Song of the Shenandoah
The bear appeared an hour before sunset. When I first saw her she was more than one hundred yards away padding quietly through the deep mountain forest. She was a regal creature –a magnificent beast. I estimated her to be at least twice my two hundred pounds. Her twin cubs, less than a quarter her size, bumbled along behind like a pair of frisky puppies. After hiking almost one thousand miles solo along the Appalachian Trail, this black bear in Virginia’s Shenandoah National Park was the first I had encountered.
The bruin walked self-assuredly, directly toward the log upon which I was sitting. My open backpack lay beside me. I stood to make she saw that a human was present. I had heard that a black bear would never make an unprovoked attack on a human. I thought she would be frightened away upon sighting me. I was wrong on both counts.
She continued in my direction until not more than thirty feet away she stopped and sniffed the air. Her massive head bobbed slowly as she now paced deliberately back and forth in front of me. I nervously focused my camera and snapped a quick shot. Until that moment it did not occur to me that the brute might charge.
It happened with breathtaking suddenness. The powerful beast lowered her head, gave a deep “woof,” and hurled herself toward me like frightful black lightning. My mind sreamed “Run!” but my body didn’t respond. I froze in horror.
As quickly as she had charged the bear skidded to an abrupt halt with only inches of empty space and my now-forgotten camera between us. Her wild ebony eyes fixed on mine and the stench of her breath was almost overpowering. She emitted a low grumbling sound so deep that it was more nearly felt than heard. The thought of what her knife-blade claws and dagger teeth could do sent a shudder through me and I felt the blood drain from my face. Every nerve ending of my body seemed charged as if by electricity.
Unwilling to accept the dark demon’s challenge, I slowly backed away. I dared not run for fear that any quick movement might provoke her. Silently I prayed that I would safely reach the nearest climbable tree some twenty yards distant.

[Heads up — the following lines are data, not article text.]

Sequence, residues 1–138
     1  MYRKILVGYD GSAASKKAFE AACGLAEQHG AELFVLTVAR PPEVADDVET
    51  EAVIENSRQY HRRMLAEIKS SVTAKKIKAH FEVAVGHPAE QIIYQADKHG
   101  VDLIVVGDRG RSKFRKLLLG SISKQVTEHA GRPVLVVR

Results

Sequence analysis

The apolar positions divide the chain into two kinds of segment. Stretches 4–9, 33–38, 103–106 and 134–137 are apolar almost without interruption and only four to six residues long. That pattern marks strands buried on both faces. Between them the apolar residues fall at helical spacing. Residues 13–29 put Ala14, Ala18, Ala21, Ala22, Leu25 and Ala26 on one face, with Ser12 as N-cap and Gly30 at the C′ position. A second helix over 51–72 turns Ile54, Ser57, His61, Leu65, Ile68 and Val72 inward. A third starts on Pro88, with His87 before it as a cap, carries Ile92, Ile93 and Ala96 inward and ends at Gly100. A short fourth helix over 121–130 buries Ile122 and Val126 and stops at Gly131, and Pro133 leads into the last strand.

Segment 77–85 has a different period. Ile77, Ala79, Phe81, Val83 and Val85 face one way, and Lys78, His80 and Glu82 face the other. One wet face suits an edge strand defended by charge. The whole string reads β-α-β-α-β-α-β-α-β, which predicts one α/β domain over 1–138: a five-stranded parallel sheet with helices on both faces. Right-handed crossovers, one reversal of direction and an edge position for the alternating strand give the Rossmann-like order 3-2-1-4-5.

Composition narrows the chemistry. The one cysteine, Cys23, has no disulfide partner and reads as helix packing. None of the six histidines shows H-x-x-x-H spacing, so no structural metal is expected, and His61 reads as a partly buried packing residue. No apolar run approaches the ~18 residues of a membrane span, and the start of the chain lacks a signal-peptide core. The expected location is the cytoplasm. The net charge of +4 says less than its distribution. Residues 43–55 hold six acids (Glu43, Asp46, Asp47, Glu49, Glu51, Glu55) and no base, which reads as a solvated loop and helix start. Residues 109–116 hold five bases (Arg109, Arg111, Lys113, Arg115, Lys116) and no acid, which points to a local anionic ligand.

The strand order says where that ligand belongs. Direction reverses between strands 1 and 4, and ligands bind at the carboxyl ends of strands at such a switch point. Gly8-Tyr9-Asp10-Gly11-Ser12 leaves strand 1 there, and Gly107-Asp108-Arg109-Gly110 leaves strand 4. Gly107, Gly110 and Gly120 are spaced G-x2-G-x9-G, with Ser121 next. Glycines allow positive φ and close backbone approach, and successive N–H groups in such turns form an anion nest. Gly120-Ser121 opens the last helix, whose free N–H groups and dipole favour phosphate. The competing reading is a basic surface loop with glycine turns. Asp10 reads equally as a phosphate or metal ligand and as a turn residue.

From my perch I watched in semi-shock as the bruin buried her entire head into my open pack, lifted it, and snorted as she shook it violently. In a moment she emerged with a plastic bag of gorp (trail food) between her teeth and retreated to the base of a giant poplar nearby where she lay down, ripped the bag open with her sharp incisors, and began to eat. The cubs had disappeared either into the forest or up a tree. I did not see them again. The mama bear had my undivided attention.
As she lapped up the gorp, I cautiously returned to my pack. I didn’t want to be around if she came back for seconds. A hungry park bear who has lost all fear of humans, especially a mother with cubs, can be an extremely dangerous animal. With a watchful eye on the beast I threw my things together and hastily departed.
My original plan had been to spend the night in that spot, where I had met the bear. Now I thought it wise to hike another mile or two before setting up camp.
A light steady rain began as I trudged uphill for the final mile of what had become a very long day. In the gathering dusk this was a particularly good mile for wildlife viewing. I delighted in the sight of eight whitetail deer, including two spotted fawns and two young bucks, proudly sporting new velvet racks. Also, there was a striped skunk near the Elkwallow Wayside where the trail intersected the famous Skyline Drive. A fat raccoon crossed my path at one spot, and a wood thrush eyed me intently from her nest on a low-hanging branch not more than five feet from the trail. However, the preoccupation of my mind was the hungry bear which might be following my scent. After dozens of peaceful nights alone on the trail – this night I was afraid.
My trail guidebook indicated that the Range View Cabin should be just ahead of me. The cabin would be locked, unless it was occupied, but I hoped that the overhanging front porch might at least give me refuge from the rain.
Twilight had come in earnest when I broke into the clearing. Three brightly colored tents decorated the grassy area in front of the cabin. Six young men and women sat Indian fashion in a circle under the shelter provided by the cabin overhang. I noticed that in each of their laps was an opened book. They had not yet seen me. I paused at the edge of the clearing and listened.
Above the gentle whisper of the rain a beautiful melody floated from their lips. It sounded to me at the time like a choir of guardian angels. The words came from the Bibles in their laps, which were turned to Psalm 34:
“O magnify the Lord with me,
And let us exalt his name together.”
I joined in, adding a seventh voice to the chorus:
“I sought the Lord, and he heard me,
And delivered me from all my fears.”
God had provided me a safe refuge for the evening. And six members of my spiritual family were on hand to welcome me.
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